For God/Nature it is the other way around.  
Added 10 August 2010.

 

MF18:   A good metaphor is the cornerstone of a new theory.    Added 20 August 2010.

 

 

stoper

 

 

The Form (Evolution) of the Body

starfishThe starfish is a five-dimensional fractal on one level; the human body is a five-dimensional fractal on two levels.

 

Example: The pseudo-tree here is a two-dimensional fractal on three levels (0, 1, 2, 3 ... n ... ).

Figure 1: Oliver and Hoviss (1994). "Fractal Graphics, For Windows." SAMS.        Figure 2: The five senses in the head are like five 'fingers.'

fractal tree                   senses 

 

 

Figures 3, 4, 5: The form (evolution) of the head.

 hand 1hand 2head

 

 

Figures 6, 7: The form (evolution) of the brain.

senses 2       brain and klein bottle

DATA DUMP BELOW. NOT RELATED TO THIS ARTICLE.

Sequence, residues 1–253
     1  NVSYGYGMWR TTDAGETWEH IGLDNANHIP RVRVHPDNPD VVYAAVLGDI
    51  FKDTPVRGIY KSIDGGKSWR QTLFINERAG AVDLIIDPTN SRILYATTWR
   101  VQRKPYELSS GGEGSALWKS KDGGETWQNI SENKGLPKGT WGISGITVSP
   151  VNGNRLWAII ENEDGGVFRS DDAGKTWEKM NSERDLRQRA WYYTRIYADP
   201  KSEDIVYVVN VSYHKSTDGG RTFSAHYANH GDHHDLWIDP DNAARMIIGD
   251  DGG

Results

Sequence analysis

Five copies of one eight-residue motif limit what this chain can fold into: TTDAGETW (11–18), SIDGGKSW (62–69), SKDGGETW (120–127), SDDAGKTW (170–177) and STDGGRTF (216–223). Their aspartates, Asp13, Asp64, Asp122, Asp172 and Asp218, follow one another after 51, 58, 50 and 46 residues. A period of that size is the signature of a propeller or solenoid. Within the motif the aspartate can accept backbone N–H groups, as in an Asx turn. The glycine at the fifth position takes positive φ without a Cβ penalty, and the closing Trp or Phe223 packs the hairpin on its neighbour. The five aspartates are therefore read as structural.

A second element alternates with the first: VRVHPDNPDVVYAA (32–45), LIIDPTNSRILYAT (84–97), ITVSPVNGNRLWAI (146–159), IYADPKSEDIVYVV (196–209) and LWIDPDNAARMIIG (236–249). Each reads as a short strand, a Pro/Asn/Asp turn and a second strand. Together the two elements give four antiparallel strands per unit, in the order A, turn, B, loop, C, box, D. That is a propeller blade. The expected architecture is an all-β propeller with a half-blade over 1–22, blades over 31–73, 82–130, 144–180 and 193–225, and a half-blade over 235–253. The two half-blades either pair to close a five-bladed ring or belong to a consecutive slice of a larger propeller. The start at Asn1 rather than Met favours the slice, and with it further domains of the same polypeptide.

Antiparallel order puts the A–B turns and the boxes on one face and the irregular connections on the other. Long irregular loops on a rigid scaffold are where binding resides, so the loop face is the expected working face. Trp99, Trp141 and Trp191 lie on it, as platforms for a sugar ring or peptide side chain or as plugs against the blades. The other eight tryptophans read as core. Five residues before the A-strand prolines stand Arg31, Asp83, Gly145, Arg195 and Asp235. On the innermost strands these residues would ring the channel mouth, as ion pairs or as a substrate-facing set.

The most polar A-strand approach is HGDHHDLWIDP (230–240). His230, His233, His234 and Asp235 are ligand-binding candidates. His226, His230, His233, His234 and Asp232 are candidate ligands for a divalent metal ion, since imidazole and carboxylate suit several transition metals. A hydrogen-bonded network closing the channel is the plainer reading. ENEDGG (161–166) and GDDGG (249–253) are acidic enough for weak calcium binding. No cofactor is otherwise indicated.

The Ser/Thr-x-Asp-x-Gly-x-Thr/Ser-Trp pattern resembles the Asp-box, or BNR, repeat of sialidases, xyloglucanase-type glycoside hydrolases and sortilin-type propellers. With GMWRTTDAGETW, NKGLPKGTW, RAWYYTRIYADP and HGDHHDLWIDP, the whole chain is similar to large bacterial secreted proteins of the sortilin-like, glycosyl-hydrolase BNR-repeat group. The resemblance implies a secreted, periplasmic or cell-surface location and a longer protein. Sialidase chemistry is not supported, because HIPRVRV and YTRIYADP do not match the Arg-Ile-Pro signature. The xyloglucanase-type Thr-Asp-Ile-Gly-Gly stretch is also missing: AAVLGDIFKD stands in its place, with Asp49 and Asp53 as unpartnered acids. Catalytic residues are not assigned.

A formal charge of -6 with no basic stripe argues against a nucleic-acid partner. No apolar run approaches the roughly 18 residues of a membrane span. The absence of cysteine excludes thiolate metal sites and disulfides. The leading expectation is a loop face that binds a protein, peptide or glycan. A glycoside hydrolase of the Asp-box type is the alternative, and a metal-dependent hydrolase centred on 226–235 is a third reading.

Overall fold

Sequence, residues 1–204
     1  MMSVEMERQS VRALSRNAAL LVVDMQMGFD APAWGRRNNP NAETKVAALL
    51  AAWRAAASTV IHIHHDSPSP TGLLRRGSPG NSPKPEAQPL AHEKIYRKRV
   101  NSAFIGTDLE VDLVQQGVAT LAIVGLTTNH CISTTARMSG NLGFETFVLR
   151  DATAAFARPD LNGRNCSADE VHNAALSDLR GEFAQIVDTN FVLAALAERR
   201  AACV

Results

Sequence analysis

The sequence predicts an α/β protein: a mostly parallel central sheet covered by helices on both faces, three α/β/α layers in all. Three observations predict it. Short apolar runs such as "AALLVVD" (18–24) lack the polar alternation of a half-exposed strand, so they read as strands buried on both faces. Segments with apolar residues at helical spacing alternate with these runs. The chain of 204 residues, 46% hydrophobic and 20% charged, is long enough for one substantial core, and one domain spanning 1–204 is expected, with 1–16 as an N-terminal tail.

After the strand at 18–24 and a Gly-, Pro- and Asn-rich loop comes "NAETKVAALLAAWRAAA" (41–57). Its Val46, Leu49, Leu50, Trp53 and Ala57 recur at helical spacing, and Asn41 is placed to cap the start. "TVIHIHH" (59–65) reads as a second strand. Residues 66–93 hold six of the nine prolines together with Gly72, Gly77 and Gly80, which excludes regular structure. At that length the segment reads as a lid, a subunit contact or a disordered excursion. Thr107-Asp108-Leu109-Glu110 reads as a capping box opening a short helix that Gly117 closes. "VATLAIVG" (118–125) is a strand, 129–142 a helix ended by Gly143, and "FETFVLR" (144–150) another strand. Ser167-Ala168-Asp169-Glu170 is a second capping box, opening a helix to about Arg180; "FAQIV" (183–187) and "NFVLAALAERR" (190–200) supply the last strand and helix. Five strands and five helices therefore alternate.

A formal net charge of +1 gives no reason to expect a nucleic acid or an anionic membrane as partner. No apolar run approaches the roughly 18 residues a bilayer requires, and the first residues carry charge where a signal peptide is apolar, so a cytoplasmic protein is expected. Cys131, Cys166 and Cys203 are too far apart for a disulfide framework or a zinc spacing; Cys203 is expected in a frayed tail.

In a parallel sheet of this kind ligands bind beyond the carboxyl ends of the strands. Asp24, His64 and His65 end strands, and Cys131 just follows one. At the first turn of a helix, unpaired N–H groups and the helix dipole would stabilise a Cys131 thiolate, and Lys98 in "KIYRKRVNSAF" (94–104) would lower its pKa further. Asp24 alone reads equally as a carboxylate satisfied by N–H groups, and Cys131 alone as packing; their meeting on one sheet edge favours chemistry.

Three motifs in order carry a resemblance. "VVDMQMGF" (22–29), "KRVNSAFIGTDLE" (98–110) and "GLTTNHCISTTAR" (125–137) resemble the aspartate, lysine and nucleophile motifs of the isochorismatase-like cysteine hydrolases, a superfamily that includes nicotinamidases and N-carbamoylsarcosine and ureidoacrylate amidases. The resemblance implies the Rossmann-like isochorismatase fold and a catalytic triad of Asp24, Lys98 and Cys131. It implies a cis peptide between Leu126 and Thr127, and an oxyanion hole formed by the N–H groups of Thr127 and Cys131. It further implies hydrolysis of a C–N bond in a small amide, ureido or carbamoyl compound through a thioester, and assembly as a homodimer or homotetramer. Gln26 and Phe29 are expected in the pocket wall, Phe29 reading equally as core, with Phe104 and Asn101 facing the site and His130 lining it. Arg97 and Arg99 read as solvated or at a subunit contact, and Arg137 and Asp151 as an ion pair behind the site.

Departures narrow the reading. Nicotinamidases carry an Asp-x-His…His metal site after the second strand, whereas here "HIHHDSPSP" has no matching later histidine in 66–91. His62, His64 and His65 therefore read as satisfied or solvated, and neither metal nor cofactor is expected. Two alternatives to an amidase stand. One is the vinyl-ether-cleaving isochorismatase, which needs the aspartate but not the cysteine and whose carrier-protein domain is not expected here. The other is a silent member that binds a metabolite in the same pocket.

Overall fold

Figures 8, 9: The form (evolution) of being awake and receiving impressions.

awake          impressions

 

 

Figures 10, 11: The form (evolution) of being asleep and experiencing dreams. See Note 4 about dreams - "Dreamter."

 asleep      dreams

Designer: Ben Tamari, Graphics: Noa Arad-Yairi.

 

 

stoper

 

 

Note 1, 1 December 2005  Note on decision making

Week space

You are surfing in Ecoland. As a decision maker - on your own behalf - you are confined to your seat in the 'space shuttle' floating inside your brain. Your brain is a K2 x S1 (K2 for Klein bottle, S1 for circle); it is a non-orientable 3-manifold made by gluing a cube's top and bottom, and left and right sides, in the usual way, but gluing the front to the back with a side-to-side flip (Weeks, (2002). "The Shape of Space." 2nd ed. Marcel Dekker, NY, p. 104.) (My coloring, B.T.).

'Events' and 'facts' are perceived in your brain - the walls of the "new cube" - in a way that is not consistent with reality, like the changing colors of the walls in the figure above. Your decisions are made according to what is reflected in your brain and therefore are intuitive rather than rational, and the ensuing dreams tend to be farfetched, bizarre and comical. Kahneman and Tversky noted this irrationality phenomenon in decisions that involve money (this finding won them the Nobel Prize).